Selecting groups entails assigning subjects in the groups of an experiment in such a way that treatment and control groups are comparable in all respects except the application of the treatment. Groups can be created in two ways: matching and randomization. In the MegaGro experiment, the plants might be matched according to characteristics such as age, weight and whether they are blooming. This involves distributing these plants so that each plant in one group exactly matches characteristics of plants in the other groups. Matching may be problematic, though, because it "can promote a false sense of security by leading [the experimenter] to believe that [the] experimental and control groups were really equated at the outset, when in fact they were not equated on a host of variables" (Jones, 291). In other words, you may have flowers for your MegaGro experiment that you matched and distributed among groups, but other variables are unaccounted for. It would be difficult to have equal groupings.
Randomization, then, is preferred to matching. This method is based on the statistical principle of normal distribution. Theoretically, any arbitrarily selected group of adequate size will reflect normal distribution. Differences between groups will average out and become more comparable. The principle of normal distribution states that in a population most individuals will fall within the middle range of values for a given characteristic, with increasingly fewer toward either extreme (graphically represented as the ubiquitous "bell curve").
Differences between Quasi-Experimental and Experimental Research
Thus far, we have explained that for experimental research we need:
- a hypothesis for a causal relationship;
- a control group and a treatment group;
- to eliminate confounding variables that might mess up the experiment and prevent displaying the causal relationship; and
- to have larger groups with a carefully sorted constituency; preferably randomized, in order to keep accidental differences from fouling things up.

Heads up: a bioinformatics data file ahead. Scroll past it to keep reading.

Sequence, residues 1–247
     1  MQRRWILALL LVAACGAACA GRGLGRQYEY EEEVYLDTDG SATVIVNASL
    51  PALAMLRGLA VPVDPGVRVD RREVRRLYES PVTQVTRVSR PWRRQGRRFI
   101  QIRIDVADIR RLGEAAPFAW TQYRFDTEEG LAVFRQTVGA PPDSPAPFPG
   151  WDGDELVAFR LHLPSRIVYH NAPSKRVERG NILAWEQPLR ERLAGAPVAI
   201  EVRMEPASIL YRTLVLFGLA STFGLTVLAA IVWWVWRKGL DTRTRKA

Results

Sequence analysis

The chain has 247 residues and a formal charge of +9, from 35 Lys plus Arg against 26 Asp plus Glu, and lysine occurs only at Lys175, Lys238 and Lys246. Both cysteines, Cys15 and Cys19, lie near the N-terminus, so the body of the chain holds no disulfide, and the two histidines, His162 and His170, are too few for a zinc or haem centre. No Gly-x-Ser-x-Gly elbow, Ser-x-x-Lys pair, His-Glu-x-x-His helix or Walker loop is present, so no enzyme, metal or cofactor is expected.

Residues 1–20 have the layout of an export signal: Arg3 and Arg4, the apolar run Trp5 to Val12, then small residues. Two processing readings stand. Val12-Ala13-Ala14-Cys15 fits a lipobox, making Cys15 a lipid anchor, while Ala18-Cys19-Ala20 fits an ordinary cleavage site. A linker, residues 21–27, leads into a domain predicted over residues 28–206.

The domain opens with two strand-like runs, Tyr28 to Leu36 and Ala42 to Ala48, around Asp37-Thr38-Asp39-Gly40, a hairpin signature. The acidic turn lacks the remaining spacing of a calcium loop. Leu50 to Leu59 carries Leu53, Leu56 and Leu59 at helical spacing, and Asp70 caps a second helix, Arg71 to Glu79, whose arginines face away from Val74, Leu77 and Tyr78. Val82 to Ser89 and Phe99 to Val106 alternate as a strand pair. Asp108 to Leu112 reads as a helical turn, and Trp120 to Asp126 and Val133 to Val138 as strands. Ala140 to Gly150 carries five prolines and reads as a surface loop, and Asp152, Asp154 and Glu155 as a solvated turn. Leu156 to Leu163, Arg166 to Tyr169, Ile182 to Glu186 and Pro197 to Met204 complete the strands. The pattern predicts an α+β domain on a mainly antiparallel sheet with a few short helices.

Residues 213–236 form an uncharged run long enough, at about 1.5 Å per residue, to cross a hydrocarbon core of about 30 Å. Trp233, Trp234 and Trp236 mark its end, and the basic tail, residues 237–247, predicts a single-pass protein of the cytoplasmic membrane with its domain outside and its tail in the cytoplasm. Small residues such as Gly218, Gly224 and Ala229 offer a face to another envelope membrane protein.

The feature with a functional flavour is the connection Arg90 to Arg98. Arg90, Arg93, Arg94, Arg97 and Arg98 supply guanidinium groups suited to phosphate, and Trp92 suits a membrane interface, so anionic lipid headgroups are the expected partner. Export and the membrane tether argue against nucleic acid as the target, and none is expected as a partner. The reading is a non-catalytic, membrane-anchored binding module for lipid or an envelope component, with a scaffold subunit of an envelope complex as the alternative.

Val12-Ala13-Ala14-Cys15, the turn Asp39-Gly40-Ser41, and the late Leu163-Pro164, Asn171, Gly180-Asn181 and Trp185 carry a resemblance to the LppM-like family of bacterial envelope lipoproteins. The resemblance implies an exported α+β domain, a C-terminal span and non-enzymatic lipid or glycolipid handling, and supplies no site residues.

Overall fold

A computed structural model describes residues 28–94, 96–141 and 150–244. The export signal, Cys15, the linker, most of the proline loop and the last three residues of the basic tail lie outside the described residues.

But what if we don't have all of those? Do we still have an experiment? Not a true experiment in the strictest scientific sense of the term, but we can have a quasi-experiment, an attempt to uncover a causal relationship, even though the researcher cannot control all the factors that might affect the outcome.
A quasi-experimenter treats a given situation as an experiment even though it is not wholly by design. The independent variable may not be manipulated by the researcher, treatment and control groups may not be randomized or matched, or there may be no control group. The researcher is limited in what he or she can say conclusively.
The significant element of both experiments and quasi-experiments is the measure of the dependent variable, which it allows for comparison. Some data is quite straightforward, but other measures, such as level of self-confidence in writing ability, increase in creativity or in reading comprehension are inescapably subjective. In such cases, quasi-experimentation often involves a number of strategies to compare subjectivity, such as rating data, testing, surveying, and content analysis.
Rating essentially is developing a rating scale to evaluate data. In testing, experimenters and quasi-experimenters use ANOVA (Analysis of Variance) and ANCOVA (Analysis of Co-Variance) tests to measure differences between control and experimental groups, as well as different correlations between groups.
Since we're mentioning the subject of statistics, note that experimental or quasi-experimental research cannot state beyond a shadow of a doubt that a single cause will always produce any one effect. They can do no more than show a probability that one thing causes another. The probability that a result is the due to random chance is an important measure of statistical analysis and in experimental research.